Re-elected FIFA president Sepp Blatter has attacked the British media over what he claims is unbalanced reporting around the FBI’s investigation into football’s governing body.
Buoyed by the relative ease he was able to secure a fifth term in office, Blatter fired a broadside at his critics who have called for his resignation in the wake of several arrests by the FBI of his closest aides. After he denied being the unnamed official who authorised a $10m bribe to disgraced former FIFA vice president Jack Warner, Blatter rounded on his detractors and warned: “I forgive but I don’t forget.”
He said the alleged negative coverage was done out of spite for England’s failed bid to host the 2018 World Cup, a callback to allegations he made last summer when he was under pressure to sign off an investigation into the controversial decision to award the 2022 tournament to Qatar. He saved some anger for the US and said it was “curious” that there were three American journalists placed at the same Zurich hotel that the arrests of the FIFA officials took place.
“No one is going to tell me that it was a simple coincidence, this American attack two days before the elections of Fifa. It doesn’t smell right. This has touched me and Fifa,” Blatter is reported to have said.
“There are signs that cannot be ignored. The Americans were the candidates for the World Cup of 2022 and they lost. The English were the candidates for 2018 and they lost, so it was really the English media and the American movement.”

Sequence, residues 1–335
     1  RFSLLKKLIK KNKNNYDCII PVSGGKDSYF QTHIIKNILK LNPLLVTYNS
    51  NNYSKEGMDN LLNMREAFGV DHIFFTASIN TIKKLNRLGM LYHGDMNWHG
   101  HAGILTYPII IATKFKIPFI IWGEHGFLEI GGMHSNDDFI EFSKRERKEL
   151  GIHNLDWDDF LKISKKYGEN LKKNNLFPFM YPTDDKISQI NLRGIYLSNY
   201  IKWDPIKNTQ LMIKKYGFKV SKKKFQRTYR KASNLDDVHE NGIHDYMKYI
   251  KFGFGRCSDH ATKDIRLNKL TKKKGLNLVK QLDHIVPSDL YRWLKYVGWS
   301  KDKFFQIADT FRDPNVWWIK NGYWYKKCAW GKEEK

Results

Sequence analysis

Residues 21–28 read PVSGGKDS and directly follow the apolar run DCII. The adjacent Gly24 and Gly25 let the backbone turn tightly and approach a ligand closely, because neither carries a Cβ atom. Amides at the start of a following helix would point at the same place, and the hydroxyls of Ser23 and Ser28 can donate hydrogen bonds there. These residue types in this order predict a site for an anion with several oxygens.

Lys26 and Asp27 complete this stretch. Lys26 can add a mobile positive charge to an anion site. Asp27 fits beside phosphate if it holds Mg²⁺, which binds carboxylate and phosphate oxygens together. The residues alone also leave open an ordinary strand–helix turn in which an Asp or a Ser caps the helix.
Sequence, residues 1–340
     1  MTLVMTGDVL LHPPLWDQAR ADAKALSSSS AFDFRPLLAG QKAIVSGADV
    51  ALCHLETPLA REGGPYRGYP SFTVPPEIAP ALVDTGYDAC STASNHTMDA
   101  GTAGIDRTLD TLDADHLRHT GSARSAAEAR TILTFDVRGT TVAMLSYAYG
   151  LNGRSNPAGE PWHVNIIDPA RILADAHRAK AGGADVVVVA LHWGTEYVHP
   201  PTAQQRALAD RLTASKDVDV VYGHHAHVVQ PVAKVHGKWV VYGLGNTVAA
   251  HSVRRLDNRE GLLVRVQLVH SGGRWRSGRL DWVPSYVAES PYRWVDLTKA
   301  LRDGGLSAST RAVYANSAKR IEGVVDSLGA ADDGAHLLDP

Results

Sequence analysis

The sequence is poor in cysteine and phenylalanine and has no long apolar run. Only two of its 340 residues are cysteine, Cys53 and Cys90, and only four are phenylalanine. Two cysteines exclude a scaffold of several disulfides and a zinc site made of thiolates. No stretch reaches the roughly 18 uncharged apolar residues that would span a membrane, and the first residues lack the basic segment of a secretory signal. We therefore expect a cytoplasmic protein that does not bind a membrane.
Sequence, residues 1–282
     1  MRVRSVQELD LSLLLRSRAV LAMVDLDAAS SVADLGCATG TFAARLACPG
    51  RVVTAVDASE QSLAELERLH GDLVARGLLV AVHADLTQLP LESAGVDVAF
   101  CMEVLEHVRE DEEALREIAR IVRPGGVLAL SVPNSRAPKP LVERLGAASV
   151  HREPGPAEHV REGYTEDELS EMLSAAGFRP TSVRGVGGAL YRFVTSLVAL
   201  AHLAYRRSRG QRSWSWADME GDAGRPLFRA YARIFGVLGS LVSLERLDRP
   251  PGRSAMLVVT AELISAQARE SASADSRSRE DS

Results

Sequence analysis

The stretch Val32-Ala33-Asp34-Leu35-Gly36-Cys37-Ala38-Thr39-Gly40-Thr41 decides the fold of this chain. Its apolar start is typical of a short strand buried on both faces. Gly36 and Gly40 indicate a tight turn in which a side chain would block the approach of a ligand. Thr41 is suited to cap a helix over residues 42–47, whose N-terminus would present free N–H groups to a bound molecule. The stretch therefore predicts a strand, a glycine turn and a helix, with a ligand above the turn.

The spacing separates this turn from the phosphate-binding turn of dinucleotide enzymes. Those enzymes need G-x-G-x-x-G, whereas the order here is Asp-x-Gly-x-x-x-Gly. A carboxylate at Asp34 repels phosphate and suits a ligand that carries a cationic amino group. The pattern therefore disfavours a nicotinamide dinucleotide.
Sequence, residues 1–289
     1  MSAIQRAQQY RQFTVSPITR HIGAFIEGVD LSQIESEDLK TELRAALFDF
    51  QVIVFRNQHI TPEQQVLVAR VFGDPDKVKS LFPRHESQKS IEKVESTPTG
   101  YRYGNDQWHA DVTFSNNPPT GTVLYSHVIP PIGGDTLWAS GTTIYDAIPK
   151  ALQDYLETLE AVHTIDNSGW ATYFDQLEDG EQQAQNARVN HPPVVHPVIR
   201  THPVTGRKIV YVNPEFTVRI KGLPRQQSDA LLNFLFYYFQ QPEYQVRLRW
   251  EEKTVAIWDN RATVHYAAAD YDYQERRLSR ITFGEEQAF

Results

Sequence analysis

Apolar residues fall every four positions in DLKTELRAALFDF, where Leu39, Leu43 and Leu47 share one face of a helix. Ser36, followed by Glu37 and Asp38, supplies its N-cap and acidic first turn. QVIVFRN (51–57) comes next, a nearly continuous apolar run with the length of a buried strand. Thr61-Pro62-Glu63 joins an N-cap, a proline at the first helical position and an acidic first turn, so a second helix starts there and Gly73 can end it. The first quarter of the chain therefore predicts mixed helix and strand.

The spiky comments were delivered at Blatter’s first press conference yesterday (30 May) after he fought off competition from Prince Bin al-Hussein to retain his presidency over FIFA.
Since he ascended to the top of FIFA 17 years ago, Blatter has regularly batted away accusations of corruption though the latest investigation by American law officials has sparked some of the widest calls for reform, spanning sponsors - including Visa and Coke - industry commentators and European football chiefs.
Last week, FBI agents descended on a luxury hotel in Zurich to arrest several high-ranking officials at the governing body as part of an investigation into corruption across the organisation. Sponsors including McDonald's and Budweser moved to distance themselves from the latest scandal in the ensuing furore but stopped short of cutting ties to the extremely valuable marketing platform that is the World Cup.